Shylock As The Villain In William Shakespeare's The Merchant Of Venice

3053 words - 12 pages

Shylock as the Villain in William Shakespeare's The Merchant of Venice

William Shakespeare wrote 'The Merchant of Venice' in about 1597. It
was first performed by The Chamberlain's Men at the Theatre
Shoreditch. The Merchant of Venice was in the repertory of
Shakespeare's company before they took up residence at the Globe in
1599. The play was written as a comedy, but has become a serious
drama.

In order to answer the question it is vital to look at the pervading
views of the society when it was first performed. Ridiculing a
stereotypical Jew was fashionable in Elizabethan drama because it
reflected the commonly held view that Jews were to blame for
everything from economic problems to child murder and the plague. In
1597 England was a Christian country and many disliked, often despised
Jews. At the time that Shakespeare wrote 'The Merchant of Venice' Jews
were exiled from Britain and many Christian European countries, unless
they converted to Christianity. The character of Shylock therefore
confirmed the audience's view of history and anti-Semitic feelings. A
modern audience, unaware of the history may have a different view of
Shylock. The Elizabethan audience would have most definitely thought
that Shylock was a villain and would have felt no sympathy towards
him. The Elizabethan Christians particularly disliked Jews because of
their profession of lending money and charging interest, which was
Shylock's profession.

Another reason for resentment towards Jews was that in 1593, Queen
Elizabeth's Jewish doctor, Roderigo Lopez, was accused of trying to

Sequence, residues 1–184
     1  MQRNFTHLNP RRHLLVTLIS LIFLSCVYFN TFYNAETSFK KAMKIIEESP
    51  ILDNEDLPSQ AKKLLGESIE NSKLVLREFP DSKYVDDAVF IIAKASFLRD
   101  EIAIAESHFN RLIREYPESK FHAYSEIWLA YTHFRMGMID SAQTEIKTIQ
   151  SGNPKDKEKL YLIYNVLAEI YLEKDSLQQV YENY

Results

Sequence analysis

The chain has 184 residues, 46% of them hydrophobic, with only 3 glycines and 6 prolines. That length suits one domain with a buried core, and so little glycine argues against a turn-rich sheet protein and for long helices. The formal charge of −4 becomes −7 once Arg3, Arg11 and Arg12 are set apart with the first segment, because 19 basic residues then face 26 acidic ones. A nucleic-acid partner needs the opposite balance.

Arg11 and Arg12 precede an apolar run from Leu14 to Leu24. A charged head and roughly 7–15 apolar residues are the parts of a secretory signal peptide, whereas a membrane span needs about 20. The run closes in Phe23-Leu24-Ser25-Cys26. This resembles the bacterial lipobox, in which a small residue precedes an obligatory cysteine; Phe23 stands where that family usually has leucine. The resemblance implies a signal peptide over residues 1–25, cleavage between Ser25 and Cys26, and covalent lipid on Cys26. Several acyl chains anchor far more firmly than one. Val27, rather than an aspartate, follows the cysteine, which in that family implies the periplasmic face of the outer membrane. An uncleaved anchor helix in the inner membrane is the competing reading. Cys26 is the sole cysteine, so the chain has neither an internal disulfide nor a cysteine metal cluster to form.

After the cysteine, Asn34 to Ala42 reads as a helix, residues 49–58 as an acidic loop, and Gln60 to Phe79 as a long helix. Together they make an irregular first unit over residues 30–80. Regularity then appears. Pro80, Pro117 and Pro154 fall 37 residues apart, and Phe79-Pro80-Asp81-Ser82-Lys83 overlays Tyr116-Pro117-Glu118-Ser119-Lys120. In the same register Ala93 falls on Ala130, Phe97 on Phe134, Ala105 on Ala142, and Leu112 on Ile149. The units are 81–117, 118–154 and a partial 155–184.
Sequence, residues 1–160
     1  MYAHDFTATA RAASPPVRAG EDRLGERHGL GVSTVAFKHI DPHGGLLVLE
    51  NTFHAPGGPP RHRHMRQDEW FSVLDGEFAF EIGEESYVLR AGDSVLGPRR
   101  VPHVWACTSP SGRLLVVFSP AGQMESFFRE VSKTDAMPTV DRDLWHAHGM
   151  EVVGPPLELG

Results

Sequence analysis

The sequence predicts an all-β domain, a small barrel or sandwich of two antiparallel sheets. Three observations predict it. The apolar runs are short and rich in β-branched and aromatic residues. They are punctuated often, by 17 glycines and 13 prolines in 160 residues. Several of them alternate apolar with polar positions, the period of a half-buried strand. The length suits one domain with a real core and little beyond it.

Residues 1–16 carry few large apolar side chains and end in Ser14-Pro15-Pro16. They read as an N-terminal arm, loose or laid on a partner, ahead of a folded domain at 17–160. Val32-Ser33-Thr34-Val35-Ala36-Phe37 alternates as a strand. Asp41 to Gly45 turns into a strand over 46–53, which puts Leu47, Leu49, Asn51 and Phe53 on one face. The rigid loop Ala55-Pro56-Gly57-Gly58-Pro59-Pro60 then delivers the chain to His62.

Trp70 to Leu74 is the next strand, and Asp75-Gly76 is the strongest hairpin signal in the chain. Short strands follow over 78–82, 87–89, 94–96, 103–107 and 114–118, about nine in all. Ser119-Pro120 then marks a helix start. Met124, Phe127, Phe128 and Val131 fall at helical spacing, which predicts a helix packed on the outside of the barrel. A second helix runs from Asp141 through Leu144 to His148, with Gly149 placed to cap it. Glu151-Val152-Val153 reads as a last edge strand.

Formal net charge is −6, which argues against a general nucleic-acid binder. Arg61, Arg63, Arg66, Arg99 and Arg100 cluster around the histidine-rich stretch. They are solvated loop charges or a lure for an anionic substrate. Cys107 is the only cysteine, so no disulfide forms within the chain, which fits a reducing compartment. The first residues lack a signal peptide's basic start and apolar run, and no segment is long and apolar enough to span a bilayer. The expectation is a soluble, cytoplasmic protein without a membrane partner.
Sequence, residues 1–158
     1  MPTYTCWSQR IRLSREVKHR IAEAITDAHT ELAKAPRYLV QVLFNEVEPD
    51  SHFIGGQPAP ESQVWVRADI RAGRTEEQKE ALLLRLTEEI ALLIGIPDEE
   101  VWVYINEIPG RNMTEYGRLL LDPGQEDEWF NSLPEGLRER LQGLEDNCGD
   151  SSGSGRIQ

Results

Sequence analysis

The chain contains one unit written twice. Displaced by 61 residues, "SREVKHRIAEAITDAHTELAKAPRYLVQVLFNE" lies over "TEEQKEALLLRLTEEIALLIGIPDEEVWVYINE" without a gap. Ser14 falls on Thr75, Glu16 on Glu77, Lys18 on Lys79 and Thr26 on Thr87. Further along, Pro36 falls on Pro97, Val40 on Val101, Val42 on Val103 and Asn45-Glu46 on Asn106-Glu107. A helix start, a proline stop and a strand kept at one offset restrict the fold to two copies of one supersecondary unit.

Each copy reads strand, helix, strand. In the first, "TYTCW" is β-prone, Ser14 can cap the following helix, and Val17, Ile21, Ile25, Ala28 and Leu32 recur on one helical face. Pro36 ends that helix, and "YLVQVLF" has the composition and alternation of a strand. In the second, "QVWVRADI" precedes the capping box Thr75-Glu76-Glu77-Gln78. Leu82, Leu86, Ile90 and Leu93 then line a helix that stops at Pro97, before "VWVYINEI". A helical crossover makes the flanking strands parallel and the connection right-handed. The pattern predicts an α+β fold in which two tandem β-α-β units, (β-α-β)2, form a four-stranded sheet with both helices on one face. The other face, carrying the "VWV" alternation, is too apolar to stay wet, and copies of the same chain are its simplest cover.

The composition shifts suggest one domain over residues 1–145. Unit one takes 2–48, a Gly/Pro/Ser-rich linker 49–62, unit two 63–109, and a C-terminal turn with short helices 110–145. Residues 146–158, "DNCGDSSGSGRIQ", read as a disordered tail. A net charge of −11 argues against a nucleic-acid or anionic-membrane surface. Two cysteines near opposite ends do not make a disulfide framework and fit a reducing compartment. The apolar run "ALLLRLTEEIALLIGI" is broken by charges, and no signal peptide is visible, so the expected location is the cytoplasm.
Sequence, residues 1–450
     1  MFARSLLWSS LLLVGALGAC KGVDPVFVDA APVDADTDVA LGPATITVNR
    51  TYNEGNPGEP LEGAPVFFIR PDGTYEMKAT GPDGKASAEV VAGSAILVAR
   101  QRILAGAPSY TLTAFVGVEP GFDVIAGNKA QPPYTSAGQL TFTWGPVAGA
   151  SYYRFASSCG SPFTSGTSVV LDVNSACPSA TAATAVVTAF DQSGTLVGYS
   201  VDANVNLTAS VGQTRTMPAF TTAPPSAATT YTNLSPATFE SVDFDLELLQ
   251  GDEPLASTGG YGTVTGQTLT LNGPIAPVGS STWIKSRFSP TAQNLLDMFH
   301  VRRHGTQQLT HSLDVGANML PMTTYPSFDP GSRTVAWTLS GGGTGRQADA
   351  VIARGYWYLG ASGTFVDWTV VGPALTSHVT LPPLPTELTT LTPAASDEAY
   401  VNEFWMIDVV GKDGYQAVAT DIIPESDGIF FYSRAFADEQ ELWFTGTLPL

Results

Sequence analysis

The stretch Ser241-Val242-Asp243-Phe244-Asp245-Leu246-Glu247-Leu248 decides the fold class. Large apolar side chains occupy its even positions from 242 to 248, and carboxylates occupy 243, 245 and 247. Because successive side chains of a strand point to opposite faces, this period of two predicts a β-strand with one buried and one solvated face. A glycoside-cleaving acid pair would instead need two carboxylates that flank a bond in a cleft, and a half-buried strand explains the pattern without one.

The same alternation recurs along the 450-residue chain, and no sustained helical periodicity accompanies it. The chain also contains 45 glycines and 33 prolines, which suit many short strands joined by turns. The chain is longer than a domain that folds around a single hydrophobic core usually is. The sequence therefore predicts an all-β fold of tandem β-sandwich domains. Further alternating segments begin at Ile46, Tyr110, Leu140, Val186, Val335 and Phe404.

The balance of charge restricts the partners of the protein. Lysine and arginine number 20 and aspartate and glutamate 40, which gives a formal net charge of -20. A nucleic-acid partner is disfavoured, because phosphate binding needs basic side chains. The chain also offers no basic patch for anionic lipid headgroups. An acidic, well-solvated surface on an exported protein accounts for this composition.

poison her. The trial was widely publicised and is thought to have
inspired a popular revival of a play called 'The Jew of Malta' by
Christopher Marlowe. Marlowe's Jew, Barabas, inspires no sympathy; he
is most definitely a villain.

In 'The Merchant of Venice' Shakespeare seeks to challenge the
prejudice of the Elizabethans who believed that Christians were always
right and Jews were always wrong. Shylock shows both villainous and
victimized actions.

In Act 1, Scene 3, Shylock is equated with the name devil:

'The devil can cite scripture for his purpose

An evil soul producing holy witness

Is like a villain with a smiling cheek'

Antonio, who is trying to persuade Shylock to lend the money to him
for Bassanio, gives Shylock the name 'devil'. Antonio is comparing
Shylock with the devil, who is the antithesis of good, by saying that
even the devil who is evil is prepared to use scripture which is holy
for his own purposes. Shylock, being a Jew, would have been disturbed
and insulted by Antonio's comment. The devil is the prince of
darkness; he is the personification of evil. And this is what Antonio
has named Shylock, for what reason? Because Shylock is a Jew. This
would have been an extreme insult for Shylock....

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